The consultants admit that they have both positive and negative influences on the Jewish state.
"The truth is, Israeli politics is already pretty ugly and has been before any real American influence," said Steve Rabinowitz, another of Barak's American advisers.
"It's hard to imagine Finkelstein or Carville making Israeli politics uglier. It will be quicker and sharper," he added.
"On the positive side, it's been a modernization of some election techniques in Israel," Rabinowitz said, citing sophisticated polling techniques as an example.
"The downside has been an opportunity for both sides to charge that candidates are puppets of American consultants."
On a recent episode of a popular Israeli television show, "Hartzufim," a political parody with clay puppets, both Netanyahu and Barak were fed debate lines through earpieces from off-stage American advisers.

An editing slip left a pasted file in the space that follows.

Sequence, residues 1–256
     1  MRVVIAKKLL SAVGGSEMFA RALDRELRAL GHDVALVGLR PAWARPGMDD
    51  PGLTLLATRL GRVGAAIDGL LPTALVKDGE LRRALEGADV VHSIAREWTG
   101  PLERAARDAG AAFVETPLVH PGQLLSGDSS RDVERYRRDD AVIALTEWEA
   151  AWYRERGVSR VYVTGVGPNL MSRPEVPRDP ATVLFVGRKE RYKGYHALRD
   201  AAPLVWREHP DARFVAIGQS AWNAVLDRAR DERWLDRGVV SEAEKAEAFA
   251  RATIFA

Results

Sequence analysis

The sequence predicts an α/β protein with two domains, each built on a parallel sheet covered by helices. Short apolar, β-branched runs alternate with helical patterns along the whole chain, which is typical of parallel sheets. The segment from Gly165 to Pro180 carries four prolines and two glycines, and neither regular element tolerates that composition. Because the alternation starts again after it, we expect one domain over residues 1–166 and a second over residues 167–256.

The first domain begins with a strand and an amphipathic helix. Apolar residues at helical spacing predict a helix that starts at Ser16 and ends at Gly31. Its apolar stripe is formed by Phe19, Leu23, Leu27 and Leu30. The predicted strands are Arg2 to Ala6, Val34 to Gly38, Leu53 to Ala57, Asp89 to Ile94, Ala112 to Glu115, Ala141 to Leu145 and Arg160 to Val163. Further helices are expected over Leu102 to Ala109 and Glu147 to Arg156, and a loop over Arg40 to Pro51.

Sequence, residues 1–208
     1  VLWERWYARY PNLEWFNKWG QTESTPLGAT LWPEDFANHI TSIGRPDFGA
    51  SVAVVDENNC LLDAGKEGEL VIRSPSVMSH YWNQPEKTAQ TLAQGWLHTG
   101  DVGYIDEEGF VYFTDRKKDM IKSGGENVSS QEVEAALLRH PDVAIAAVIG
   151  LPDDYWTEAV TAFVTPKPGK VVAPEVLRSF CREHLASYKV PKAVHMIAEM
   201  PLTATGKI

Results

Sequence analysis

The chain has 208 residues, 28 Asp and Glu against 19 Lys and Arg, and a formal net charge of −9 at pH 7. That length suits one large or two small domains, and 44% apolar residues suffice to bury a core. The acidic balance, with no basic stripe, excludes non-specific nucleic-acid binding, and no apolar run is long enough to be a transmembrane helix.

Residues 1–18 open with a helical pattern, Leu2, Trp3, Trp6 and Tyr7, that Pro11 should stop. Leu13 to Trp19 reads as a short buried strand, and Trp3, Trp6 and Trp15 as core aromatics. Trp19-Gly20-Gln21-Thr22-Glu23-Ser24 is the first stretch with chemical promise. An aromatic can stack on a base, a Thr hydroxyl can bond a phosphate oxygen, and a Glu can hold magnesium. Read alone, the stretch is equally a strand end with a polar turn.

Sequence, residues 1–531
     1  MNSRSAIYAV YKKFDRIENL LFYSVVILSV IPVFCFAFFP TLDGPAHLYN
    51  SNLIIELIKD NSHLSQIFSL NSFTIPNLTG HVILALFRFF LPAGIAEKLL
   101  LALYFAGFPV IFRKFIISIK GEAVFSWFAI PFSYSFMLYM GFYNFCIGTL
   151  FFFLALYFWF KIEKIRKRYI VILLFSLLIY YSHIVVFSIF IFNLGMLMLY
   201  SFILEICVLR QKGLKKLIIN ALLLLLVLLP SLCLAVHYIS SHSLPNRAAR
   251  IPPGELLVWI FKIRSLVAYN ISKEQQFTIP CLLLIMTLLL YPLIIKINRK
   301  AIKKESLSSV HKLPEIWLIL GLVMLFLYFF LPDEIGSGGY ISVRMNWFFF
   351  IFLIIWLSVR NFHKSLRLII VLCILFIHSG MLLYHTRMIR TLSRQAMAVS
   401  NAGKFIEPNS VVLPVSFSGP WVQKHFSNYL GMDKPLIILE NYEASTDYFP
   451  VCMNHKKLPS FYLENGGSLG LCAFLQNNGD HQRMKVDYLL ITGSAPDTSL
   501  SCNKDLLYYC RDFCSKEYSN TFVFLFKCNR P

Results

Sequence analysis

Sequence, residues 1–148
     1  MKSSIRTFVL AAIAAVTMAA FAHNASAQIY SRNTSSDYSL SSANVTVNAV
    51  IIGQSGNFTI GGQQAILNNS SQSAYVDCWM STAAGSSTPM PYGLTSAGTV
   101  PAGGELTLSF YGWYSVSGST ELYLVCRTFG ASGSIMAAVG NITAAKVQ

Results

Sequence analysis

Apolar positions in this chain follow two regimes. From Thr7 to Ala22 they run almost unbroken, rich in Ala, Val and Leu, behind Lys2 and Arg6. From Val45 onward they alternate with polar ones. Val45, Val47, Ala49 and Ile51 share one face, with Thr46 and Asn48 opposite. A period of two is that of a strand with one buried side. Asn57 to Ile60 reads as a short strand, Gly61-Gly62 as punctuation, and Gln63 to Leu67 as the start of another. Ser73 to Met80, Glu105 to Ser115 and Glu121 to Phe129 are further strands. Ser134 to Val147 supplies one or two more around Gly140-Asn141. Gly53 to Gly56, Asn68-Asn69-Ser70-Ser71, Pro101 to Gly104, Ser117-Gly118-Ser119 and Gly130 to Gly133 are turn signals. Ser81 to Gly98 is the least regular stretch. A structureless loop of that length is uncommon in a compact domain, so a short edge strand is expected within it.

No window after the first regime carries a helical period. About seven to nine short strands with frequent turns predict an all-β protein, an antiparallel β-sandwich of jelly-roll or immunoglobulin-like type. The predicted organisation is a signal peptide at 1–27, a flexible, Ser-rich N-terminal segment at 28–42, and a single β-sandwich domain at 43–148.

At the end of the debate, both candidates hummed "The Star-Spangled Banner."
Stanley Greenberg, a prominent Democratic pollster who also is advising Barak, rejects allegations that Clinton is influencing the Israeli elections through consultants close to him.
"I never consulted him," Greenberg said. "He doesn't consult me when he bombs Iraq, and I don't consult him on who to work for."
Another prominent Democratic consultant, Mark Mellman, is working for Meimad, a moderate Orthodox movement.
Aware that they have become part of the campaign news, many of the consultants have refused requests for on-the-record interviews.
So for now they work behind the scenes — as do Israeli and American fund-raisers seeking money from American Jews for the Israeli candidates.
Beginning in 1994, Israeli candidates were barred from accepting direct contributions from overseas. But many Americans continue to contribute through legal "friends-of" committees set up in the United States.
Israeli campaign watchers believe that candidates this year will surpass the record $6 million raised in the 1996 campaign.